Microbial Dimensions

Figure 1.7

Lifestyles of Microorganisms
• Most live a free existence (in soil or water, for example) • Some are parasites

Figure 1.6

1.6 The Historical Foundations of Microbiology
• Key to the study of microorganisms was the development of the microscope • Earliest record of microbes was from the work of Robert Hooke in the 1660s • The most careful observations of microbes was possible after Antonie van Leeuwenhoek created the single-lens microscope
– Known as the father of bacteriology and

Figure 1.9

Establishment of the Scientific Method
• Early scientists tended to explain natural phenomena by a mixture of belief, superstition, and argument • During the 1600s, true scientific thinking developed • From that, the development of the scientific method
– Formulate a hypothesis – Most use the deductive approach to apply the scientific method – Experimentation, analysis, and testing leads to conclusions – Either support or refute the hypothesis

• Hypotheses can eventually become theories • Theories can eventually become laws or

Figure 1.10

The Development of Medical Microbiology
• The Discovery of Spores and Sterilization
– Louis Pasteur- worked with infusions in the mid-1800s – John Tyndall- showed evidence that some microbes have very high heat resistance and are difficult to destroy – Ferdinand Cohn- spores and sterilization

• The Development of Aseptic Techniques
– Physicians and scientist began to suspect that microorganisms could cause disease – Joseph Lister- introduced aseptic

• The Discovery of Pathogens and the Germ Theory of Disease
– Louis Pasteur
• Pasteurization • The Germ Theory of Disease

– Robert Koch
• Koch’s postulatesverified the germ theory

Figure 1.11

• Microbial nomenclature- naming microorganisms • Taxonomy- classifying living things
– Originated over 250 years ago with the work of Carl von Linné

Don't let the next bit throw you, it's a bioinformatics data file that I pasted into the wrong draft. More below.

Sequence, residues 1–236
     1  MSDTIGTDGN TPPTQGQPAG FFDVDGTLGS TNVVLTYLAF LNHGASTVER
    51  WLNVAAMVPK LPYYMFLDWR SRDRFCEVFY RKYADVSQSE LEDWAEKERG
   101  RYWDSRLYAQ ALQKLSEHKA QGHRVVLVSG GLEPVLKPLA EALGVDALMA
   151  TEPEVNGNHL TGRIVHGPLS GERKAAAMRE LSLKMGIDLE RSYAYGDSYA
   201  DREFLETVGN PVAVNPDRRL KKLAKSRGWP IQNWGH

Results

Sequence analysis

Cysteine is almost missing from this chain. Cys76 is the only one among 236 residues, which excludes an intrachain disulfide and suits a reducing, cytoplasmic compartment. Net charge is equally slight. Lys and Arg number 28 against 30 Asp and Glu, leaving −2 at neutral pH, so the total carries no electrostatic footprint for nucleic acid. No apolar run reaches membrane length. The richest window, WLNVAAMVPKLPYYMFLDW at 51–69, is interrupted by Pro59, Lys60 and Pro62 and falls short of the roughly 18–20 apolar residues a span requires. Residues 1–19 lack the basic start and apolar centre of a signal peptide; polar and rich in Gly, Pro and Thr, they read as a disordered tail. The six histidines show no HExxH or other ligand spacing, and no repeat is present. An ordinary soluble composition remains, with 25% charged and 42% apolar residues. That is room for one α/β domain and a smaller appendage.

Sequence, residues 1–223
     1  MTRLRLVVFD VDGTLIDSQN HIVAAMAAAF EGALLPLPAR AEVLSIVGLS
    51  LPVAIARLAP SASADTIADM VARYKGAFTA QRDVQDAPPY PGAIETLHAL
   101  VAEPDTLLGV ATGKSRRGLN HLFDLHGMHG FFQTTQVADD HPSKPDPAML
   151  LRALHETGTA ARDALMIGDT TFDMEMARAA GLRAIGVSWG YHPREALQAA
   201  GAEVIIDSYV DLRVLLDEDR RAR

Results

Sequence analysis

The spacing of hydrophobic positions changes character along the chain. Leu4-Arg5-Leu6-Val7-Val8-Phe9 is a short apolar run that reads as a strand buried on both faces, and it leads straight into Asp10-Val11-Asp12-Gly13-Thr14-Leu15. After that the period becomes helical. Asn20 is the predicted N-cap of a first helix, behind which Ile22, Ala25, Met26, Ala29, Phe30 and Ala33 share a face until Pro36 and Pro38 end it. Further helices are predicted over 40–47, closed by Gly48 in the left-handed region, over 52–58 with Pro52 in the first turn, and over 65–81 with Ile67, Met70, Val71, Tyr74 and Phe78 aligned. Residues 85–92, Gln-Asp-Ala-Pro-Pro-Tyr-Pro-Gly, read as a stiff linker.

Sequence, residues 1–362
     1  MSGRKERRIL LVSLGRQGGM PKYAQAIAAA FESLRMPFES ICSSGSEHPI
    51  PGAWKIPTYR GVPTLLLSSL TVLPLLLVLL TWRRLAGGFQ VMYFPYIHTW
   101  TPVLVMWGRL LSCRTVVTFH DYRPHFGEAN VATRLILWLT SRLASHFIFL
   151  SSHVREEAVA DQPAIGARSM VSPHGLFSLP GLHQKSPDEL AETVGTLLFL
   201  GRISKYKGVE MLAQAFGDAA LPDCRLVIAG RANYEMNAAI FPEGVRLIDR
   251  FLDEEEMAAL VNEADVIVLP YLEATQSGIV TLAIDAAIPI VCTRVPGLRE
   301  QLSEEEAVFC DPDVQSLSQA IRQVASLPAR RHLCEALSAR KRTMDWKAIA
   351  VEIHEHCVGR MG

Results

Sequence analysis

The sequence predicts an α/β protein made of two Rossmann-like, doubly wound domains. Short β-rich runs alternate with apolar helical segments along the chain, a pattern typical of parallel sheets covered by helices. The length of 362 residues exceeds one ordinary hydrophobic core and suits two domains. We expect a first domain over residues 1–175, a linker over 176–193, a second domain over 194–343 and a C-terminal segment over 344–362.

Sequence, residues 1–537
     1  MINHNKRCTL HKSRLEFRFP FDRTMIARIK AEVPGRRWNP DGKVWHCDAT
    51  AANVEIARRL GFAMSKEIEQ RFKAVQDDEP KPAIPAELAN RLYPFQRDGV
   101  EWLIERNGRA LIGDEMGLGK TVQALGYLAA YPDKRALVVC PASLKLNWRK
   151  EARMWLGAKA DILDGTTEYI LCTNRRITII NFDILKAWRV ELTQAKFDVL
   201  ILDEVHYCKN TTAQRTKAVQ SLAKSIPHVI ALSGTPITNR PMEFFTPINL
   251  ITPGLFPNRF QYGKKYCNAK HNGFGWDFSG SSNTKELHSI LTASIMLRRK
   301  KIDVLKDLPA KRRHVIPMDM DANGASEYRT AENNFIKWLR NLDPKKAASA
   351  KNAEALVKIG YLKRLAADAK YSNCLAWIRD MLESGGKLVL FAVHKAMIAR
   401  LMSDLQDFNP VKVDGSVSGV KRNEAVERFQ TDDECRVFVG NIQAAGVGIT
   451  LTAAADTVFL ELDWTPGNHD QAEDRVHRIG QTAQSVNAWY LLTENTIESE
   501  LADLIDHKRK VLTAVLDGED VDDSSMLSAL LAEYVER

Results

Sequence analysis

1.7 Taxonomy: Naming, Classifying, and Identifying Microorganisms

• Identification- discovering and recording the traits of organisms so they can be named and classified • Levels of Classification

Figure 1.12

Assigning Specific Names
• A standardized nomenclature allows scientists from all over the world to exchange information • The binomial system of nomenclature
– The generic (genus) name followed by the species name – Generic part is capitalized, species is lowercase – Both are italicized or underlined if italics aren’t available

The Origin and Evolution of Microorganisms
• Phylogeny- the degree of relatedness between groups of living things • Based on the process of evolutionhereditary information in living things changes gradually through time; these changes result in structural and functional changes through many generations
– Two preconceptions:
• All new species originate from preexisting species • Closely related organisms have similar features because they evolved from a common ancestor

• Phylogeny usually represented by a treeshowing the divergent nature of evolution

Figure 1.13

Figure 1.14

Sign up to vote on this title
UsefulNot useful

Master Your Semester with Scribd & The New York Times

Special offer: Get 4 months of Scribd and The New York Times for just $1.87 per week!

Master Your Semester with a Special Offer from Scribd & The New York Times